Affixed to the bedroom walls of every young man in the Nielson household is a simple saying, but one they adhere to with utmost conviction.
“Success always looks easy to those who weren’t around when it was being earned.”
The success so far sustained by Cedar guard Keenan Nielson has been hard-won through his off-season conditioning and years of bruising one-on-one battles with brother Korden, three years his senior. These activities have, over time, helped position Nielson for a big senior season, a result which could soothe the pain of some Redmen fans.
Last season the 3A Tournament returned to SUU, yet Nielson and his teammates had to buy a ticket to attend. The Cedar Redmen, for the first time since 2006, failed to reach the postseason, despite Nielson averaging 17 points and 3 assists per game and being named second team all-state by several publications.
Keenan got a sample of the state-championship atmosphere even before last winter. In 2014 when Korden Nielson starred on the team, willing them to victory against Snow Canyon inside the Centrum, Keenan was a freshman and suited up for the game.
“The last season was very disappointing. It was hard to swallow, especially with (the state tournament) being at SUU. Our girls made it (to the championship game) and there were so many people there. There could have been so many people to watch us play. It was hard not being able to play there.”
Compare game film of Korden and Keenan and they appear nearly identical. They slice to rim with authority and finish with an ease more typical of a player several inches taller than his 6 feet, 1 inch. They can distribute the ball and also knock down 3-pointers as if they were free throws. Suggest this resemblance to their father Ken – who also played at Cedar High (class of 1986) – and he laughs. Other than genetics, he thinks there is a reason for this.
“Korden had no mercy on him,” Ken says. “He would never let his little brother beat him. So for a couple years, Keenan really took his lumps. It’s a trial through fire thing that you end up being better for it.”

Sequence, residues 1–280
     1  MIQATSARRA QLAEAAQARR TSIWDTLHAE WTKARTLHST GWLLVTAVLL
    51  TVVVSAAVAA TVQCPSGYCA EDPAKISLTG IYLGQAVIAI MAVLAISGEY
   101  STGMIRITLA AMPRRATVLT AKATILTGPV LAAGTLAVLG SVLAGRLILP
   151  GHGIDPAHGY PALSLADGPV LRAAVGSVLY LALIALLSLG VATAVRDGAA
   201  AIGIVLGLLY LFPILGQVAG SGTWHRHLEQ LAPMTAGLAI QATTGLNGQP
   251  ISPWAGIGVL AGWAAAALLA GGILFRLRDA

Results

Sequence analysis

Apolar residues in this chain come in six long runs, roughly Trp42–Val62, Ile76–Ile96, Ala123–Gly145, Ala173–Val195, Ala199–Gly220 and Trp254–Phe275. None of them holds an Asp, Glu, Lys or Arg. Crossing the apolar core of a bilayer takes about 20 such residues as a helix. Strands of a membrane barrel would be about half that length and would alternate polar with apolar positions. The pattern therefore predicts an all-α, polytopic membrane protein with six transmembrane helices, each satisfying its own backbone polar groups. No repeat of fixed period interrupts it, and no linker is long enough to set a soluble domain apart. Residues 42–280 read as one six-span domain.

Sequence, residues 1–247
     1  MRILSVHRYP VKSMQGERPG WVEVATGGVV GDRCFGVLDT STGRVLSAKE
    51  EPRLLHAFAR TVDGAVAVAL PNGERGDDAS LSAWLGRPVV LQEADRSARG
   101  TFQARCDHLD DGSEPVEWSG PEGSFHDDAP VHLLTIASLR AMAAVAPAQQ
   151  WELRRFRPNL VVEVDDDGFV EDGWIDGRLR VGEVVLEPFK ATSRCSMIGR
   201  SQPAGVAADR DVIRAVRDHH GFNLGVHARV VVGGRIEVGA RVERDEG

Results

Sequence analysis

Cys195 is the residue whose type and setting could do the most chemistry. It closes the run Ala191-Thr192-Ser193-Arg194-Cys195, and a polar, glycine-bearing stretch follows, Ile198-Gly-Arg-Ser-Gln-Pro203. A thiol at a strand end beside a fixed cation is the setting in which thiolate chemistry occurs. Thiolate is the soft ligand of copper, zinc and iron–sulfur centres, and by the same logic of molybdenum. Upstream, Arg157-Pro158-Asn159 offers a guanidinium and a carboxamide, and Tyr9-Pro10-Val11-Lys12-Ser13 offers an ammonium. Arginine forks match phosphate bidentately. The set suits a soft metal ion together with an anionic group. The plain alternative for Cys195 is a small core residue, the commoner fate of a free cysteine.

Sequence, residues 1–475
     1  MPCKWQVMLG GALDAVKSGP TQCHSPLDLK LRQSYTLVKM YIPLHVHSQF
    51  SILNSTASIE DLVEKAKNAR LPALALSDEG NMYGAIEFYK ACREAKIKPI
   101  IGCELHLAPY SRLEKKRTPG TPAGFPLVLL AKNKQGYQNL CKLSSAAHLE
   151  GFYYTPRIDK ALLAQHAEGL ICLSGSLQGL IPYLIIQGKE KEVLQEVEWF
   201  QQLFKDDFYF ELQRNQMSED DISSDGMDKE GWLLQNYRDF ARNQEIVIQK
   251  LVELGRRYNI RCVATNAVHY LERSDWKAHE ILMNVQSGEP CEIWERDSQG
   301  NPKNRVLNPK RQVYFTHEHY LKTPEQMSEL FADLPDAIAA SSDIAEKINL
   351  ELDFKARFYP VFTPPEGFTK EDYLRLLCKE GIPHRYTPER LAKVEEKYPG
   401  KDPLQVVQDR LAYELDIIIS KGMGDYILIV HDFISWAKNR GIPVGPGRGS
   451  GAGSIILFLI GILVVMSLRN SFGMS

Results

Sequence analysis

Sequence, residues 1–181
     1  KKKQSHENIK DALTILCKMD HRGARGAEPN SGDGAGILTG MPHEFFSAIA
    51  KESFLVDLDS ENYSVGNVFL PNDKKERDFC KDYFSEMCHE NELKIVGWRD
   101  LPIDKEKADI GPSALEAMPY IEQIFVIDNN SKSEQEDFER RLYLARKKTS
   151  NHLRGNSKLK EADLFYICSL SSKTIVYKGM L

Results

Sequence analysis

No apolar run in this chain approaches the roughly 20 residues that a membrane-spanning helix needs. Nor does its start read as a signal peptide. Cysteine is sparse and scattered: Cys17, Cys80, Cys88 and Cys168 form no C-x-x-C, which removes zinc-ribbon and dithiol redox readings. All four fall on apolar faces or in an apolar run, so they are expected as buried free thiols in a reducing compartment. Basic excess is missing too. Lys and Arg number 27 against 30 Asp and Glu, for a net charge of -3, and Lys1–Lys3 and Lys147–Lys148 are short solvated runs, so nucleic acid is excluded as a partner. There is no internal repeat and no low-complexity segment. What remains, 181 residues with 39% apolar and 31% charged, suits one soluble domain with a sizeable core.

To this day, things have a way of escalating. “It’s quite the one-on-one matchup with those two now,” Ken adds. “They are so ultra competitive that sometimes I have to step in. I try to remind them that they can play hard without the swinging and playing ugly. They are a quiet bunch off the court but when they get on the court they flip the switch.”
Keenan Nielson, combined with Mason Fakahua (10.8 ppg) and Parker Haynie (8.5 ppg), give new coach Russell Beck a solid foundation to work with. Beck takes over for Craig Cardon, who had been Cedar’s head coach for 11 years and spent a lifetime around the program.
“Knowing you have a player like Keenan in the program allows me to sleep at night,” Russell Beck said. “He is quick, strong and a lights-out playmaker. He is dangerous in transition and hates to lose. I love the way he approaches practice and I look forward to seeing how he approaches games.”
Nielson’s personal goals for this year are to improve his defense as well as shoot better from beyond the 3-point arc. His goal from long-range: 60 percent.
“My 3-point shot, I just didn’t shoot it as well as I thought I should have last year,” Nielson said. “I worked a lot on catching and shooting off the dribble – and in games shooting it when I was even remotely open. I spend as much time in the gym as possible and get in the weight room a lot.”
Ken says Keenan started displaying that type of dedication to his basketball game several years ago. Keenan had also played football and baseball and was having trouble managing his time among the sports. “You can be good at all three or try to be great at one,” Keenan remembers his dad advising him.
“He was one of the first guys to show up to help my family and I unload our moving boxes,” Beck says. “I see him in the gym getting up shots on his own, I see him giving everything he has daily in practice. When we hiked up to the “C” on Cedar mountain (recently) we made them carry a pack full of rocks. He was helping his teammates with the pack when that burden become heavy. Keenan is a guy you would want in your foxhole.”
Or in your classroom. Nielson has a GPA of 3.8, scored 21 on the ACT, has taken three college courses and has been on the honor roll for years. He plans to serve an LDS Church mission upon graduation and hopes to play college basketball somewhere upon his return. His brother Kyler, at 6-5, a Cedar High graduate of 2011, is a junior guard at Dixie State.
Keenan’s focus now, however, is getting his team back to the state tournament and making a deep run.
“I used to be the annoying little brother following them around,” Nielson says of growing up with Korden and Kyler, “now my motivation is to make my family proud and work toward being as good as my brothers were.” • HSSI